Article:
You should also think about the type of authentication you use in relation to the task the client is performing. This is because some types of two-factor are easier to compromise than others.  

If the service you offer doesn’t have that much risk, then perhaps SMS based authentication is ok. However, if the service involves riskier transactions — such as sending money or bank details — then maybe you will want to use a separate physical authentication key.

Finally, research suggests that even when on offer, a significant number of people don’t bother using two-factor authentication to secure their accounts. As we mentioned above with passwords, explaining to users why it is important can encourage them to take up the feature without negatively affecting their experience.

Get Behind The Scenes Security in Order

Many of the most high profile recent security failures involve cases where customer data has been stolen from the company itself. Companies hit by such breaches include global brands like Adidas, Sears, Best Buy, and Whole Foods. In the attacks, hackers accessed data including credit card information, names, addresses, and passwords.

Luckily, active behind-the-scenes security doesn’t have much of an impact on the customer’s experience. Here are some things you can do to avoid being in a similar situation.

Only Store Necessary Client Data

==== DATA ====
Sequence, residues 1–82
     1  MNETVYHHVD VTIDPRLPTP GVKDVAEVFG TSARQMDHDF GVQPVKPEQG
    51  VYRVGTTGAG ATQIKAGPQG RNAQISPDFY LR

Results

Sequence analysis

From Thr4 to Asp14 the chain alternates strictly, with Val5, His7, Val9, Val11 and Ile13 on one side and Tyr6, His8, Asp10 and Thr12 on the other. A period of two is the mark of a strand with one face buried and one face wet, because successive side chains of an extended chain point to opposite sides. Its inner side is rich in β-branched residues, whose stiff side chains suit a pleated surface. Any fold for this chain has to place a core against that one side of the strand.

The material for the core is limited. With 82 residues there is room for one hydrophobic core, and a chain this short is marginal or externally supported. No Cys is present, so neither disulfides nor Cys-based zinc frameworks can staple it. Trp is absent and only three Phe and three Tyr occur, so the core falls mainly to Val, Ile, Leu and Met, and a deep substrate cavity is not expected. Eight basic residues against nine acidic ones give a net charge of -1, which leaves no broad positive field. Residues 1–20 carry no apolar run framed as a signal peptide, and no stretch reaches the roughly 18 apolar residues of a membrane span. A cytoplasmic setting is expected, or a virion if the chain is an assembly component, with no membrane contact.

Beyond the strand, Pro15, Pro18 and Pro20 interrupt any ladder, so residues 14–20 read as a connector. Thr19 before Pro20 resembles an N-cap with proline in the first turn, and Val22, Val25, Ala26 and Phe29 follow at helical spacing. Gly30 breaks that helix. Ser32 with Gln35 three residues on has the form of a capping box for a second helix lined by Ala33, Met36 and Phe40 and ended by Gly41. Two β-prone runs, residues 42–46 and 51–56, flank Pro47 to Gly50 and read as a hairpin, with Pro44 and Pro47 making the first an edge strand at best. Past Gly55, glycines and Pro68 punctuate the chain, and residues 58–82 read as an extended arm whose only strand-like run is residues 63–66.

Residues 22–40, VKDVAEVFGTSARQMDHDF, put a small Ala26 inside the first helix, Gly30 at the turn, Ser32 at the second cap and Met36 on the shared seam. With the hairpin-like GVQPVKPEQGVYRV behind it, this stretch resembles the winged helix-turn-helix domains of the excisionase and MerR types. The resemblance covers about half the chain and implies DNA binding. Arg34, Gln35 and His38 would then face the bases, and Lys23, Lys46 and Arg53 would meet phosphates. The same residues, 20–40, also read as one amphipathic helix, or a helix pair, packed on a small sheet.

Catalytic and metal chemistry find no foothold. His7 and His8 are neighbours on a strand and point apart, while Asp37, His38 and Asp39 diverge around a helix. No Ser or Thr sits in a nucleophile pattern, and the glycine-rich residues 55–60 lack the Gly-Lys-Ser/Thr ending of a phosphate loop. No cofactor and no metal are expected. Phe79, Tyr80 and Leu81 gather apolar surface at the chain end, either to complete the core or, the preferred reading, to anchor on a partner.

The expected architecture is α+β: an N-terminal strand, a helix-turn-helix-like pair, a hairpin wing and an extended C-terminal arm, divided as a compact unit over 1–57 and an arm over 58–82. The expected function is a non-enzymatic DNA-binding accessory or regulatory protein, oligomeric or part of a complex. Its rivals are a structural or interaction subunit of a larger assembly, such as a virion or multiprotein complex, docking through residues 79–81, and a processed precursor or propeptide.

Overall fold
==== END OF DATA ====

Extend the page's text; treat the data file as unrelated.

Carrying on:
Perhaps the best way to avoid losing your client’s information is by simply not storing it at all. If you don’t store any client data, there is nothing for hackers to steal. If you need some client data, ensure you only ask for the most relevant information and then delete everything once you have finished using it.

Keep Everything Encrypted

Of course, it isn’t always possible to not store any client information. Storing things like credit card data can make it easier for clients to make repeat purchases (think one-click payments on Amazon), or set up a recurring payment subscription.

Encryption can help keep stored data — as well as data being sent and received on your network — safe. This means that even if a hacker does manage to breach your system, they should be unable to read the data that is there.

Use Third-Party Services Where Necessary

In circumstances when it is necessary to have an extra degree of security, it can be best to use a third-party service.

As a title agency, you handle a lot of large transactions, so it makes sense to use a service like CertifID to secure every transfer. CertifID ensures transfers are safe from wire fraud by confirming the identity of each party in the transaction.

If you think this is something you could use, then click here to schedule a demo of our software. As well as wire fraud protection, CertifID guarantees each wire transfer up to a total of $1,000,000.

Conclusion

Balancing security and user experience is a tough thing to do. However, we believe there are two things you can do to get the balance right.

Firstly, make sure that all the steps are clearly explained and easy for clients to understand. Secondly, you can take an approach where the required authentication rises based on the risk of the transaction.